Island voters have many options available to ‘turn things around’ in 2020 elections

By Pedro Correa Henry

Twitter: @PCorreaHenry

Special to The Star

Did you know there are around 700 hopefuls and candidates aspiring for more than 160 seats in the Puerto Rico government in the 2020 elections? Did you know there are 888 additional seats for municipal legislators? Are you aware of the hopefuls and candidates that will appear on your ballots? Still unsure if you will exercise your right to vote?

In order to answer these questions and help voters be informed on Sunday to choose their preferred candidates for the general elections, and later, on Nov. 3, to elect more than 1,000 people who will represent Puerto Rico, non-profit organization Espacios Abiertos (EA) has redesigned its website to make the voter-education process easier, as voting is a human right recognized by the United Nations.

As the Star reported recently,, which began as a database where citizens could find contact information for elected officers, had a makeover with the mission of helping voters gain knowledge about who may be representing the island from January onward. The website uses geolocation technology, in which users enter their street address or zip code to know to which district they belong, who the hopefuls and candidates they can vote for are, how the ballots will look once they enter the voting booth, and how to search for candidates’ proposals on their social media platforms and/or websites. In order to help readers understand the platform, the Star did an in-depth search on the website.

As the Star logged into, a note popped up saying that the site has been adapted temporarily to present the candidates in Puerto Rico for positions at the municipal, commonwealth and federal levels. It also said that, according to their residence, users will have a chance to meet all the hopefuls who will appear on the ballots for both the primary and general elections.

“In January 2021, QMR will return to its original format with contact information from elected officials,” the website said.

Once the pop-up closed, the site recommended that the user write down the street address, zip code or submit current location. After submitting such information, a map of Puerto Rico zoomed in on the location and offered the following options: Senate, House, Government, Washington, D.C. and Mayoralty. If the location that appeared was not correct, the page let the user adjust the location manually.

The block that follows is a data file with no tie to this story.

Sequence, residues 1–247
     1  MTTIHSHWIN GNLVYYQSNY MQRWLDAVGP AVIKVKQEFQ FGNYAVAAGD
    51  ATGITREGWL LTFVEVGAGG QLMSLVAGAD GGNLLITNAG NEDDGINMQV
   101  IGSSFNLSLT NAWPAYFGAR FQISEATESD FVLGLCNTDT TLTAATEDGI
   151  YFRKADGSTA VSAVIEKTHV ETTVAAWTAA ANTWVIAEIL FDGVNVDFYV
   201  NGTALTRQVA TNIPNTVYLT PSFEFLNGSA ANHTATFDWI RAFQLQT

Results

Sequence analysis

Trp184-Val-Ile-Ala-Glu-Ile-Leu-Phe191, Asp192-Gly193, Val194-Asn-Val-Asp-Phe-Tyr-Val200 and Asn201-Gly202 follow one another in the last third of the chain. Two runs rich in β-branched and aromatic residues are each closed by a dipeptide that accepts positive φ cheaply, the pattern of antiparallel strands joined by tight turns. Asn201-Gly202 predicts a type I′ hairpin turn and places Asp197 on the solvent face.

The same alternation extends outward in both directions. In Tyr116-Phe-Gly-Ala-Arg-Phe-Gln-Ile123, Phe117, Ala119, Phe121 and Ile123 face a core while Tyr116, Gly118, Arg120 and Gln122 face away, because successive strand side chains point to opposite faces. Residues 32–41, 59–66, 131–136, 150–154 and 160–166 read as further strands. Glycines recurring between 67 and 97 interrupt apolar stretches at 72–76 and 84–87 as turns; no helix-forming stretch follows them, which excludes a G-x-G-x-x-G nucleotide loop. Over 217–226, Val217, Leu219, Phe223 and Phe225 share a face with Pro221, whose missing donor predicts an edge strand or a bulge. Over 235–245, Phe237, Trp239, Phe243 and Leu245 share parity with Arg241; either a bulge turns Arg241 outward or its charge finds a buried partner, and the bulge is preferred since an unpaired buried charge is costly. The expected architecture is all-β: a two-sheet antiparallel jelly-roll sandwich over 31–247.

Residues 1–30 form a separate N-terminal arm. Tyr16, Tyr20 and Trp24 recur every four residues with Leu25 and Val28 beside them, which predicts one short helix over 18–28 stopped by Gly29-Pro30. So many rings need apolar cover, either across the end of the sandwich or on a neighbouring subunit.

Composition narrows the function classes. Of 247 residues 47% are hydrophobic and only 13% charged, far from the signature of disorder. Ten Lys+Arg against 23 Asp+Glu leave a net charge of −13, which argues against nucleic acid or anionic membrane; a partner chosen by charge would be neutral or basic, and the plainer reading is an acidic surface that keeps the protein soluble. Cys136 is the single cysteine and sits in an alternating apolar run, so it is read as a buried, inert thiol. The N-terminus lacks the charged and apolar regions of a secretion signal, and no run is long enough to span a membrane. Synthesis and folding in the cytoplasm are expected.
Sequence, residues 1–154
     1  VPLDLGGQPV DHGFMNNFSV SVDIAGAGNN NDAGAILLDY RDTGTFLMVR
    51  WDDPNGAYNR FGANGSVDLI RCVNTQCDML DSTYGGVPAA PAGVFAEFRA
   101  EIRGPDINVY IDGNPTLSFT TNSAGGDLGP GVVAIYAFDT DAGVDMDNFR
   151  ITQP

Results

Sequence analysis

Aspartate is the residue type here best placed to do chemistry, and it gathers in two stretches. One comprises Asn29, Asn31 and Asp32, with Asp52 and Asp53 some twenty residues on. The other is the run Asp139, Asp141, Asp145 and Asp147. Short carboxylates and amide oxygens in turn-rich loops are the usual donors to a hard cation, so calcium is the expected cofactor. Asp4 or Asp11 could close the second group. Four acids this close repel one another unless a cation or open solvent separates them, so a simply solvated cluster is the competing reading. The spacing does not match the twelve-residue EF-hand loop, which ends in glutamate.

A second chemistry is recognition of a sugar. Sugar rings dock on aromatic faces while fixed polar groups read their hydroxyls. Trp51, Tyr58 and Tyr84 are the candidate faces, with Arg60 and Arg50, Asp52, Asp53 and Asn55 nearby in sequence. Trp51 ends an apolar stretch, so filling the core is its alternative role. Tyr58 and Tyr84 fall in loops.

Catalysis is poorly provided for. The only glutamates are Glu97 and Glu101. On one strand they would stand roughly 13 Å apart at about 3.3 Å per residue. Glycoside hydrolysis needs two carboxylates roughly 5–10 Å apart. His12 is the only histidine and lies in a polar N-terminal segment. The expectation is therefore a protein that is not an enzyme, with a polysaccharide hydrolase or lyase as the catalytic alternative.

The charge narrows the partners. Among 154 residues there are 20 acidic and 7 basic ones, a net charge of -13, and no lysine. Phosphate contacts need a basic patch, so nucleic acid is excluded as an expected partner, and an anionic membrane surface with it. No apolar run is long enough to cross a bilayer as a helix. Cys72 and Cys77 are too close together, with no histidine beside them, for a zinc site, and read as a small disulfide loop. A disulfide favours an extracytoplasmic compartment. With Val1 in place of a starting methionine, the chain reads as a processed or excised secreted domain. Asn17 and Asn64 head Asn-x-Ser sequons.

At the moment netizens click on any option, they are able to navigate and look at the hopefuls that are entered in primary elections and the candidates that are up for the general elections. However, the Star observed that both hopefuls and candidates didn’t have pictures uploaded, although the Star had reported that EA filed a petition in San Juan Superior Court against the State Elections Commission (SEC) to compel it to comply with the Transparency and Expedited Procedure for Access to Public Information Law and provide information such as official photographs that the SEC will use for both hopefuls and candidates on the ballots.

Meanwhile, guests can browse on social media platforms, websites and, in some cases, e-mail addresses from both hopefuls and candidates to look at their proposals and public policies. However, some had broken links or insufficient information available on their platforms. also has links to sites such as the Office of the Election Comptroller, the Office of Government Ethics and the Office of the Comptroller of Puerto Rico so internauts can search for legal documents. The website also provides other links to projects such as Para Votar, which educates citizens on the electoral process in Puerto Rico; Proyecto 85, which promotes female representation in the political field; Voto con Conciencia, which is an educational project of the Psychologists Association of Puerto Rico; and Tu Voto No Se Deja, an educational campaign from the Puerto Rico chapter of the American Civil Liberties Union that is also developing a legislative history on current incumbents who are under electoral scrutiny.